Central and eastern European economies aren’t as similar as many assume. Different countries have taken distinct approaches to the economic fallout of the pandemic. But being large, open economies, they do share some things in common, particularly the renewed attention that monetary policy-makers across the region are paying to exchange rates.
The current policy responses of the Czech, Hungarian and Polish central banks were shaped by their experience during the 2008 financial crisis. Then, the Czech National Bank cut its headline rate to zero, instituted a currency floor to stimulate inflation and propped up the government bond market by reopening repurchase lines.
The Magyar Nemzeti Bank focused its attention on small- and medium-sized enterprises. Similar to Czechia, Hungary suffered a currency crisis, in addition to sovereign debt challenges brought about by fiscal profligacy. Poland, however, fared much better. It avoided recession, the only nation in the European Union to do so, though it did have some minor foreign exchange problems, arising out of the super-rich taking out mortgages denominated in swiss francs. The Polish central bank was one of the few able to pursue a normal inflation targeting exercise with positive rates.
More than a decade after that crisis, the coronavirus pandemic is causing similar turmoil. It hit exchange rates and caused a loss of faith in government debt markets. At times, even usually reliable and highly liquid Czech treasuries traded with a six percentage point spread between bid and ask. In response to the large hit to confidence, authorities in Poland, Hungary and Czechia introduced debt moratoria. The Hungarian and Polish central banks have also engaged in quantitative easing, propping up debt markets and providing funds for national treasuries and infrastructure schemes.
There are differences in policy responses too though. Perhaps the most sophisticated approach was taken by Hungary. The Magyar Nemzeti Bank aimed its support at both government and corporate debt markets, providing help for SMEs, private banks and corporate debt securities. Each segment was supported by a bespoke programme.
Given the strength of its financial sector, no similar programmes have been needed in Czechia. Its central bank is prepared to act though and has secured a mandate for the rest of 2021 to intervene with QE-like tools. While it hasn’t pursued such a course yet, it stands ready if financial markets turn and need the support.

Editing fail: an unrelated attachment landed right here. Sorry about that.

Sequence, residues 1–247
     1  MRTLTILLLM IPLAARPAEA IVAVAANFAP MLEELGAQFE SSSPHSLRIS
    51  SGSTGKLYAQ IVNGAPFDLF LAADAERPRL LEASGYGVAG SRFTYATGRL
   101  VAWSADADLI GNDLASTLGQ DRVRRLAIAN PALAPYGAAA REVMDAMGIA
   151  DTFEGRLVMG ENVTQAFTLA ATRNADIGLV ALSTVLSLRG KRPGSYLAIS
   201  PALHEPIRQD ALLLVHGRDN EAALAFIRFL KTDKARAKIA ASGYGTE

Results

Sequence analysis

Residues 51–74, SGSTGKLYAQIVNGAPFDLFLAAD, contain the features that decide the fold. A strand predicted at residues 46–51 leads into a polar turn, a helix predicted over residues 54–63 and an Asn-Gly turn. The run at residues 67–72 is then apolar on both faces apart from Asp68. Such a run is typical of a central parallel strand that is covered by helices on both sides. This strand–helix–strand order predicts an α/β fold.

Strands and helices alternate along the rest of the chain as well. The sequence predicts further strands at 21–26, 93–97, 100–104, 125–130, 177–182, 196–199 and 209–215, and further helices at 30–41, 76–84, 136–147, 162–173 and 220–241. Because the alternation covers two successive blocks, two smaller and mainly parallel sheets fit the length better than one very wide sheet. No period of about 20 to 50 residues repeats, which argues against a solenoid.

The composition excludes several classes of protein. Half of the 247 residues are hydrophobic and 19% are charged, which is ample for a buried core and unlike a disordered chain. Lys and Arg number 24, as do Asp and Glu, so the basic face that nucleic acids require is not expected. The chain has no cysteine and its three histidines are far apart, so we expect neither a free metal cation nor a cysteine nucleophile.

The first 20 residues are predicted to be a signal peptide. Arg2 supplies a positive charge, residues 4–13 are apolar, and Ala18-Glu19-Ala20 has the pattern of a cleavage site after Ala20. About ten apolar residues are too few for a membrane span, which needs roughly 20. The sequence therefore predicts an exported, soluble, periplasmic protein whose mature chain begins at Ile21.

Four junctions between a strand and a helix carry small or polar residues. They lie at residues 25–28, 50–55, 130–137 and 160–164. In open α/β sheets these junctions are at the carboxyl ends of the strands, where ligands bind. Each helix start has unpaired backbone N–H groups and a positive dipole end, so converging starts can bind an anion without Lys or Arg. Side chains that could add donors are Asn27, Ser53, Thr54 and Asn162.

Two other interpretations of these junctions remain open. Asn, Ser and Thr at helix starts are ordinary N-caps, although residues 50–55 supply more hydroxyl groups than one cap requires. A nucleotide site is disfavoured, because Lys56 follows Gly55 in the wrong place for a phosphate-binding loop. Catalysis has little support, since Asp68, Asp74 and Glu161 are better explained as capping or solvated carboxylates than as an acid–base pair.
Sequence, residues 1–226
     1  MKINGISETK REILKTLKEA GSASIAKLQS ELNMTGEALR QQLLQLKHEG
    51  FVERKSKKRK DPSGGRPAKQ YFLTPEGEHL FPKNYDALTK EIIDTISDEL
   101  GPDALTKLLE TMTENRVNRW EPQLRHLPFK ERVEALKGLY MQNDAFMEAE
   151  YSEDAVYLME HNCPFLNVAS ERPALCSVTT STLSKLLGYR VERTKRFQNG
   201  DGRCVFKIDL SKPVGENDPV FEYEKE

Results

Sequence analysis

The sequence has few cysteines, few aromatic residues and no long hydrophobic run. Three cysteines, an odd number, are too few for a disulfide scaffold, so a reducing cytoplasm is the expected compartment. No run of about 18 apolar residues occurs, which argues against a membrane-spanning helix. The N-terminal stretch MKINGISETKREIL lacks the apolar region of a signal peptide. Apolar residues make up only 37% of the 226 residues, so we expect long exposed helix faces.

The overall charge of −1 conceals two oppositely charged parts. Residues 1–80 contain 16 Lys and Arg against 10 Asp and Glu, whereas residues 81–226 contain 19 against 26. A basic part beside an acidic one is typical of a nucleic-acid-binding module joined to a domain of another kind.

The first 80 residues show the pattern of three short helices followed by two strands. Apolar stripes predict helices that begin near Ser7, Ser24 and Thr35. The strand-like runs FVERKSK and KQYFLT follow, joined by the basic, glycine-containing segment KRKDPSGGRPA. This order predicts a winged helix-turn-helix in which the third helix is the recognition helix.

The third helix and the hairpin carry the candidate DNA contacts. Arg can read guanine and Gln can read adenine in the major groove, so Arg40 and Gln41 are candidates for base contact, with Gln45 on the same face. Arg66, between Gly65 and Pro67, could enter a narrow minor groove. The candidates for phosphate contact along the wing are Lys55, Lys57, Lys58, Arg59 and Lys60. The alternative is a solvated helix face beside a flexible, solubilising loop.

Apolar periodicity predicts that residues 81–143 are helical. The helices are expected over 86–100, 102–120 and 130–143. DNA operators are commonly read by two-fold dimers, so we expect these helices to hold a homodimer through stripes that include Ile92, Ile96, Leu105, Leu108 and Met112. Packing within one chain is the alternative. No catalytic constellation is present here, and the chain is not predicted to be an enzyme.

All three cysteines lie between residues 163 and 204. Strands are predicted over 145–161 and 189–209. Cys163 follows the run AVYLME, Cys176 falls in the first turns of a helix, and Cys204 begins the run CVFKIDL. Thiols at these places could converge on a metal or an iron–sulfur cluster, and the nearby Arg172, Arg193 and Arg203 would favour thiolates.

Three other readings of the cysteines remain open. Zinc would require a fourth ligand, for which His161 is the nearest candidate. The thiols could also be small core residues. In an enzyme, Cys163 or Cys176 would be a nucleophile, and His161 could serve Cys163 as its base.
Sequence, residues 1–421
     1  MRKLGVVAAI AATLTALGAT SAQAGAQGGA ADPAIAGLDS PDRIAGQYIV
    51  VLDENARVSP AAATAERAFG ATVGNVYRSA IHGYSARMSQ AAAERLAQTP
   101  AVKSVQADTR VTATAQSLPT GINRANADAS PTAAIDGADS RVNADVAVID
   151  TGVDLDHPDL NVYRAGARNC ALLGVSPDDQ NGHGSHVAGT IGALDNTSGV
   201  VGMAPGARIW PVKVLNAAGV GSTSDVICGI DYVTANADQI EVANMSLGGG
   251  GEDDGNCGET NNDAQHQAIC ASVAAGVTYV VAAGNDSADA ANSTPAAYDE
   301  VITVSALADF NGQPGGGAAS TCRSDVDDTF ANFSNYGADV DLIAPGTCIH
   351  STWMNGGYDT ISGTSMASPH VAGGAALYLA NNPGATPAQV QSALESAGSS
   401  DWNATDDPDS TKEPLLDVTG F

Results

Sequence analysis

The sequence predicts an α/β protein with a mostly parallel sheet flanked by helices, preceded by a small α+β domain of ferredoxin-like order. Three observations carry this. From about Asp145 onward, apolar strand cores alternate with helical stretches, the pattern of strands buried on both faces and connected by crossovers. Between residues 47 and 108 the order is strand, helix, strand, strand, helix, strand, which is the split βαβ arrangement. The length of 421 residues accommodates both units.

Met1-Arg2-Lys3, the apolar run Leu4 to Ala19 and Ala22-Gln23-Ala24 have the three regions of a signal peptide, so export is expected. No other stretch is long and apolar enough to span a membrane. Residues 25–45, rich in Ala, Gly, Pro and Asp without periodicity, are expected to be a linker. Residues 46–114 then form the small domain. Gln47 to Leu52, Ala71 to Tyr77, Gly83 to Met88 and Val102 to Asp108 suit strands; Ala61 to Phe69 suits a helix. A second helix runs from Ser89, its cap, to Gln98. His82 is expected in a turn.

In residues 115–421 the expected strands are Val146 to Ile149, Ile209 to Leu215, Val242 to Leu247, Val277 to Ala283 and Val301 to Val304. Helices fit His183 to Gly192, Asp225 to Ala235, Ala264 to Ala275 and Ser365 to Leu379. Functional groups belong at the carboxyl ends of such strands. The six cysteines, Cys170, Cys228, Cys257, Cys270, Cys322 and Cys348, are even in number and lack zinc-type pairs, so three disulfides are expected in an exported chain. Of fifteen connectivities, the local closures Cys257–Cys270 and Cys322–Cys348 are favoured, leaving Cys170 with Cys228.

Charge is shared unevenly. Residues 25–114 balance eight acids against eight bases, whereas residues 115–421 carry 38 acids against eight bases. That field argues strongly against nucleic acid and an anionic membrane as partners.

The response from Polish authorities lies somewhere in between the two, with the national development agency, aided by central bank funding, being used extensively for support schemes.
As the crisis has evolved, focus shifted away from financial stability and debt markets. All three countries are now united in the attention they are paying to currency markets. Hungarian policy-makers have used short-term rates to prevent a weaking in the florint. The Czech central bank said at the beginning of the crisis it was well prepared to support the koruna, pointing to its large reserves built up since 2013. Polish authorities were also looking at the zloty’s exchange rate and have intervened in the market in small ways to weaken or bolster it.
These interventions have worked. Investors have recognised the financial stability of all three economies, making currency appreciation much more of a risk, though these fears are not shared equally. The Polish central bank has already acted to keep the zloty from rising too high, while Czech authorities fear that a rise in the koruna could lead to inflation sinking below its target level. In Hungary, however, worries over the florint aren’t as widespread.
The economic impact of the pandemic cannot be overcome until the health crisis is tackled. New potentially more virulent mutations of coronavirus are appearing across the European Union and there are delays in vaccinating people. But the disease is slowly being brought under control and focus across the EU can shift more and more to the economic recovery.
European authorities may look to the experience of central and eastern Europe for a clue as to what may be needed. With the euro’s rise against the dollar over the past 12 months, the European Central Bank could mirror its Visegrád group cousins and begin paying much more attention to the currency market.
Miroslav Singer is Director of Institutional Affairs and Chief Economist at Generali Group and a former Governor of the Czech National Bank.
OMFIF is hosting a panel discussion on 15 February exploring themes raised in this commentary and featuring high ranking members from the Czech, Hungarian and Polish central banks.